The Ionian Islands have a temperate climate, seawaters as deep as they are refreshing, verdant mountains, a rich cultural heritage and a carefree spirit; the ideal combination for your holidays during which you will enjoy a well-developed tourism infrastructure, hotels, restaurants, water sports centres, cultural events and numerous sights, historic monuments, and museums.
Scattered along the mainland’s western coastline, the Ionian Islands are a cluster of 12 large and small islands covering an area of 2,200 sq. km. There are six large ones: Zakynthos (Zante), Ithaki (Ithaca), Kerkyra (Corfu), Kefalonia (Cephallonia), Lefkada (Leucas), and Paxoi. The small ones are Antipaxoi, Ereikoussa, Mathraki, Othonoi, Meganisi, Kalamos, Kastos and Strofades isle group south of Zante. Together with Kythira and Antikythira (both at
a distance from the rest, opposite southern Peloponnese and Laconia’s coastline) they form Eptanesa (meaning Seven Islands).
Being part of the Greek mainland once, the Ionian Islands were torn away when part of the terrain sank due to the seismic activity along the Ionian Sea’s coastline fault; that accounts for the area’s rugged shores, beautiful beaches and imposing mountains that used to be part of the Pindos Mountain Range across the Greek mainland. It also accounts for the sea depth in the area, reaching 4,406 m., registered as the greatest in the Mediterranean.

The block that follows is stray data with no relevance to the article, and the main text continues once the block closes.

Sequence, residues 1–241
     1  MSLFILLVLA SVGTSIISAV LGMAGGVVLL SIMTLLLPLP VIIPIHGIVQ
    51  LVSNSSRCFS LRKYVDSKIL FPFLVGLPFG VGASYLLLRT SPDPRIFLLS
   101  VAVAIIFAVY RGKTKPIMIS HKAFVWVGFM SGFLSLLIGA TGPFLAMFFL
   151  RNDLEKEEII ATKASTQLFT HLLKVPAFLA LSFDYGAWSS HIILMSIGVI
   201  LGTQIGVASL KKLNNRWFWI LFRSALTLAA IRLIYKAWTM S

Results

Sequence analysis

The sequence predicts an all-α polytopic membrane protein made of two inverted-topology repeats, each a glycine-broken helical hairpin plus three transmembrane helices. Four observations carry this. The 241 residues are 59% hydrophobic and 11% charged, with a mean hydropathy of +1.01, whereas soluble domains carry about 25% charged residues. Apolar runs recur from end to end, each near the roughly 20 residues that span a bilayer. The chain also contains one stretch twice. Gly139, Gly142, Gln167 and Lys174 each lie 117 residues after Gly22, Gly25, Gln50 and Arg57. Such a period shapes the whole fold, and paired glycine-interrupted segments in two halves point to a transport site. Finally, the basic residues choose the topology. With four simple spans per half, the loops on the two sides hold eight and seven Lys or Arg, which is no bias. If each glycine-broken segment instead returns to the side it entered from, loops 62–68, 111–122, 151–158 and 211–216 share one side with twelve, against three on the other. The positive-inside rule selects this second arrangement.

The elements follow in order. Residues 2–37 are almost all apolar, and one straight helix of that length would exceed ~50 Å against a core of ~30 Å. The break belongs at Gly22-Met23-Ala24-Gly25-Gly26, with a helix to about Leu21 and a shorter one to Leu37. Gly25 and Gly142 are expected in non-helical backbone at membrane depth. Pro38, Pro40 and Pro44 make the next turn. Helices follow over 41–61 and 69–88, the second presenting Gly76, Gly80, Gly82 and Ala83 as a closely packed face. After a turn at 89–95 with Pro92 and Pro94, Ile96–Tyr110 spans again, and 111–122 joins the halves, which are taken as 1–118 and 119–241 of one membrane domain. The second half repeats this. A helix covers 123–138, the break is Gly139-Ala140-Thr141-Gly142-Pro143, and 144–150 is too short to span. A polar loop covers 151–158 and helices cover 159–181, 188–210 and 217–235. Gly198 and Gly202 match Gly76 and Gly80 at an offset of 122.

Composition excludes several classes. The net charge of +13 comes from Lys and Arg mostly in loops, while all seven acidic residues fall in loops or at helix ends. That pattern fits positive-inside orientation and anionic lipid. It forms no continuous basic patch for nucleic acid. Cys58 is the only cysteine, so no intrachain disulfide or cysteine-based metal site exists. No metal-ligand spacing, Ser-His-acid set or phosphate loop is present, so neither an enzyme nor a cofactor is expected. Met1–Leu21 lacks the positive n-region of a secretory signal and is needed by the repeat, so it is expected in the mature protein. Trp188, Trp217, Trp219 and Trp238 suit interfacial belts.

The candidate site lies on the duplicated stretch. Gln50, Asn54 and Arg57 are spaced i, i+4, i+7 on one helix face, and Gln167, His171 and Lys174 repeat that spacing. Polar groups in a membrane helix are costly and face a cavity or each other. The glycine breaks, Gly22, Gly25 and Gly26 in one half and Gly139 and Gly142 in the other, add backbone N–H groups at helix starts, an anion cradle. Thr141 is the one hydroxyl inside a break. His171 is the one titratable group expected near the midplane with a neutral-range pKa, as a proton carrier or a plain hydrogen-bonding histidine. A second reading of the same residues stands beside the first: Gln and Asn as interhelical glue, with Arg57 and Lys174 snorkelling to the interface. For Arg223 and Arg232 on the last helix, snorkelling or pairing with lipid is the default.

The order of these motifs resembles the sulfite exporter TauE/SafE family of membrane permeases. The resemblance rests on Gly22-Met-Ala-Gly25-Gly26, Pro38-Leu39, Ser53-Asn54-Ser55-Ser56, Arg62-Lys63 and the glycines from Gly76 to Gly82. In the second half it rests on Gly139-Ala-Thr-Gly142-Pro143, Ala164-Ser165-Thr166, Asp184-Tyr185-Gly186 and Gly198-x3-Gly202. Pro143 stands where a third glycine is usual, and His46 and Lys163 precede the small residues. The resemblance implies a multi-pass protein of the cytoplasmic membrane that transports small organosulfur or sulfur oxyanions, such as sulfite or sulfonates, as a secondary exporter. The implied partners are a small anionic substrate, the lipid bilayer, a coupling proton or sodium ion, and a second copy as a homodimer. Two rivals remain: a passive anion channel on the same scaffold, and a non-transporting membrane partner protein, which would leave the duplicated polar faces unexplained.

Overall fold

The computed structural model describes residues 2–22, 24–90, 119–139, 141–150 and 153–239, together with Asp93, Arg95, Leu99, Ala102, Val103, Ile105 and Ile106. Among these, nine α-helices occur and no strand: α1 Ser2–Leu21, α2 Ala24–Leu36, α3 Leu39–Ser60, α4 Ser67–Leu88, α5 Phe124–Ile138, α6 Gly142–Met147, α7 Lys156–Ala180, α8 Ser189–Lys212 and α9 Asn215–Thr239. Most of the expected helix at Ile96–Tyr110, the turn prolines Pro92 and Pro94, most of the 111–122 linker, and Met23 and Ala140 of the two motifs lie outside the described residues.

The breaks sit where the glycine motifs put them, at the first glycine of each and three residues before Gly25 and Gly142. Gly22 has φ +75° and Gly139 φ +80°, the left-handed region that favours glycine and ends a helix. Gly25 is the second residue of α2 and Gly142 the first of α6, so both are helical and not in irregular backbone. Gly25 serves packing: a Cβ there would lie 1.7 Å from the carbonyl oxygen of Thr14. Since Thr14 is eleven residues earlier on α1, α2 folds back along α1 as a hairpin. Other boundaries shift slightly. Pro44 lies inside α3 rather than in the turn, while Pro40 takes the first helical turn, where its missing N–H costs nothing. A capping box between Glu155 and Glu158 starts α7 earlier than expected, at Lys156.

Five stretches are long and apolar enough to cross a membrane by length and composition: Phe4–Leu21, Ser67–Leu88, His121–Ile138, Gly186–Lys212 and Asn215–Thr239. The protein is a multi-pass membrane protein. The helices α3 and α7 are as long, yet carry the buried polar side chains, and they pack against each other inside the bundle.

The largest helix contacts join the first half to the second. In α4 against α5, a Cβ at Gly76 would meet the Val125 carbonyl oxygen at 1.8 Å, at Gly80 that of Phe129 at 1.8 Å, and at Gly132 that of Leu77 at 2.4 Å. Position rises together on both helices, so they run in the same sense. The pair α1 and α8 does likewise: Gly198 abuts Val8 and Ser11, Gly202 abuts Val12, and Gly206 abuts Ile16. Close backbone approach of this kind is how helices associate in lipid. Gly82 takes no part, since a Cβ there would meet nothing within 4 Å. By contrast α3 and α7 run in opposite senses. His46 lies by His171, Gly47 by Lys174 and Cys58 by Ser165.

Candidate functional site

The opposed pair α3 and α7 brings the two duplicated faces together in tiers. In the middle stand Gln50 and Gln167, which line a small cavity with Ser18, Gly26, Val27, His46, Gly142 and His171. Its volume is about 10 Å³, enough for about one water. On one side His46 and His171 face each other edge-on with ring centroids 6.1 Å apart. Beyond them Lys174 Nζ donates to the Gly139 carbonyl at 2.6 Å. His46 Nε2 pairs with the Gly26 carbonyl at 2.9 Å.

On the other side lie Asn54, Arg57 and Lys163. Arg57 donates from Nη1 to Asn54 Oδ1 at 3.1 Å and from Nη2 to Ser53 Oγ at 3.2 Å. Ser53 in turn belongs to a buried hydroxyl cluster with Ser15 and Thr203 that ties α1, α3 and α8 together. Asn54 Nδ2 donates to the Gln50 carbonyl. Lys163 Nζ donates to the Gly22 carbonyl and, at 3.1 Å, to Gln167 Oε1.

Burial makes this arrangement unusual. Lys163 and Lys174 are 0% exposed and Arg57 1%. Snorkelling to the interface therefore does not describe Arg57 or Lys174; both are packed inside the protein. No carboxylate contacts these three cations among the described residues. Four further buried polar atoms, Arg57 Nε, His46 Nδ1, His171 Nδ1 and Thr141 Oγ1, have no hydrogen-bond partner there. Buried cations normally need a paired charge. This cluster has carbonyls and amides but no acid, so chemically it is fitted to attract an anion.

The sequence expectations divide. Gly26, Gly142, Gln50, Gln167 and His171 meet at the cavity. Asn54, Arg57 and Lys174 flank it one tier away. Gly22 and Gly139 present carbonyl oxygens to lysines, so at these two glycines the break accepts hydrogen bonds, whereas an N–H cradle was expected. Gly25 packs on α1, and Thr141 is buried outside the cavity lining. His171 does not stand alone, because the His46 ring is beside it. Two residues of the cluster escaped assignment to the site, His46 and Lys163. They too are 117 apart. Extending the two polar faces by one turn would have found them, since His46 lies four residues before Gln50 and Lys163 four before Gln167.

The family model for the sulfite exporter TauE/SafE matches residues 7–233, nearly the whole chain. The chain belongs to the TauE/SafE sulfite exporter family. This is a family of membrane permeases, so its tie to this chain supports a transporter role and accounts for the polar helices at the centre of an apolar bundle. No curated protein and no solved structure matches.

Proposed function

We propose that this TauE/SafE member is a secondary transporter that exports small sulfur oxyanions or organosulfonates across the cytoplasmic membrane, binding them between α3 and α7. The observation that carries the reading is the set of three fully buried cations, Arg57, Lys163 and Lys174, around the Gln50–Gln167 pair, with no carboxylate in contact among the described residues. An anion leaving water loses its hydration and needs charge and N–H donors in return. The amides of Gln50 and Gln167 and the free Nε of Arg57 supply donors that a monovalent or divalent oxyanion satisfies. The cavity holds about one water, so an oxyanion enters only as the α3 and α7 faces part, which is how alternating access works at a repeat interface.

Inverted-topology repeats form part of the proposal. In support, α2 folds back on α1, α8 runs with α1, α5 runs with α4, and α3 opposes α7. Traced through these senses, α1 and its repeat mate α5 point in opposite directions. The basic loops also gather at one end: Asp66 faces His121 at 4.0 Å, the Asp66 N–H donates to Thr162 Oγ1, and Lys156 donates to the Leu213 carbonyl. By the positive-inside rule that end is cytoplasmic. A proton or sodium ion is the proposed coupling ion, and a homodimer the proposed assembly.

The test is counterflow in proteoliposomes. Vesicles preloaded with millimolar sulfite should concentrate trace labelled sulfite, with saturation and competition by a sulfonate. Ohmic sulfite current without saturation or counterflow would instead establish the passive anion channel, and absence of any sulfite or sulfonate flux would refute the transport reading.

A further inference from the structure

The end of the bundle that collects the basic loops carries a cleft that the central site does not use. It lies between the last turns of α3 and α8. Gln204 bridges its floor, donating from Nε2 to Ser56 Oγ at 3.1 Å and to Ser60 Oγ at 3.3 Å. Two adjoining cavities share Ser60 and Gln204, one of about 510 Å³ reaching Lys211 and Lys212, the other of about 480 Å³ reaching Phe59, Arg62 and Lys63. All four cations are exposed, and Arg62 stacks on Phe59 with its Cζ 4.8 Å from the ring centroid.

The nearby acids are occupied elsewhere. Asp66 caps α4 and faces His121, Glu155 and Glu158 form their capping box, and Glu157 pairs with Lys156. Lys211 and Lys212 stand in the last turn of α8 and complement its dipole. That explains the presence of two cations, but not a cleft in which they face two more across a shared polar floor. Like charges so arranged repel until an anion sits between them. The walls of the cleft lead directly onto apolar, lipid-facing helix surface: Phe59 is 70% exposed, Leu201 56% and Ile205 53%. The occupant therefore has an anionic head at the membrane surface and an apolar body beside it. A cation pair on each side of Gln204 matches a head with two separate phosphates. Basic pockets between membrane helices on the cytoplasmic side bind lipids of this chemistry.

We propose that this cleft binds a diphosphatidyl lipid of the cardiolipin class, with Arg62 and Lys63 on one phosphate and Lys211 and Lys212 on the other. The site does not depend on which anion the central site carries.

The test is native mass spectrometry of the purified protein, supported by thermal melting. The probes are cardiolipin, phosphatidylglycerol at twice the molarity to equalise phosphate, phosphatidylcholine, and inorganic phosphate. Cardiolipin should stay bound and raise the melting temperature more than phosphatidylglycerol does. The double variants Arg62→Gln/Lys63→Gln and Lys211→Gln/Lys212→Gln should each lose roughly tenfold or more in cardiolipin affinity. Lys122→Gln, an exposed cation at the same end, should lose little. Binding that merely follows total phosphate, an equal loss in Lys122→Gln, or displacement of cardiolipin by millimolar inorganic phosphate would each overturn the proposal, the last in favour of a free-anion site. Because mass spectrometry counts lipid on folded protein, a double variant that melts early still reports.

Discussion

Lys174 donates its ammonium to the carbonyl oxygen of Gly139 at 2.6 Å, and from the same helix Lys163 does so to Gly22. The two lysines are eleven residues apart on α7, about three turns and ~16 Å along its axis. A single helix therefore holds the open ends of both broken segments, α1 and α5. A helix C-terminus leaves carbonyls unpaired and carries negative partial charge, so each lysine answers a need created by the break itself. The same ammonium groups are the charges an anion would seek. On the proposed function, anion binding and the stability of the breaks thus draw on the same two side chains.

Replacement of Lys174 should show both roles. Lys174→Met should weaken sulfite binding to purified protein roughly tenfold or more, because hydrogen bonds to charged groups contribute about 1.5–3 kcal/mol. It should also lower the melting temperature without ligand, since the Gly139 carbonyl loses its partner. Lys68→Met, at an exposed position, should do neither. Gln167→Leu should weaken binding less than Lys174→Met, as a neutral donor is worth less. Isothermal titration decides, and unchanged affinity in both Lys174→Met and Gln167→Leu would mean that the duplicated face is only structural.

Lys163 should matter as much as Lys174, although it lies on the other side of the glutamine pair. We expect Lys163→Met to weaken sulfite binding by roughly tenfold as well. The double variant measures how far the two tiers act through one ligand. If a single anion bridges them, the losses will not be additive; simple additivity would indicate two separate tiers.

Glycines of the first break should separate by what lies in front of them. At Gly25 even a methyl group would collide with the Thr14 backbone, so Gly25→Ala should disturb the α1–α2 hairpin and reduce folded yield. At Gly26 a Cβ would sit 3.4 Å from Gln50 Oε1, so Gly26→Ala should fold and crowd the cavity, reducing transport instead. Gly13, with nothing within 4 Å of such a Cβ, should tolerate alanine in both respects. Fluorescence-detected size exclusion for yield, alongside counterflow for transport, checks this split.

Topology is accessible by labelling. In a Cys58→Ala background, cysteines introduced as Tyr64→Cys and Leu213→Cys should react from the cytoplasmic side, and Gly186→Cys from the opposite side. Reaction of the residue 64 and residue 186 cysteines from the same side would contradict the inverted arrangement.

Their mild, temperate climate makes them the ideal choice for vacation or permanent stay. In the wintertime, the mainland’s mountains buffer the bitter northern winds blowing to the direction of the islands while the hot summer weather is tempered by the mild northwestern meltemia winds and the sea breeze. The area’s air currents have turned many of the Ionian Islands’ beaches into worldwide known destinations for windsurfing. The Ionian Islands have been inhabited since the Paleolithic times. Since then, numerous invaders and cultural influences have left their stamp on the islands. In 1204 the Franks seized Constantinople and the Ionian Islands, part of the Byzantine Empire until then, were ceded to the Venetians. Venetian rule led to the formation of local nobility, whose register remained in effect as late as the 19th century.
From the time of Frankish rule until 1864, when the islands became part of Greece, power changed hands a number of times. European presence on the islands, concurrently with Ottoman rule in the rest of Greece, led to significant intellectual activity that is manifest in the islands’ architectural tradition and charming cultural traits.
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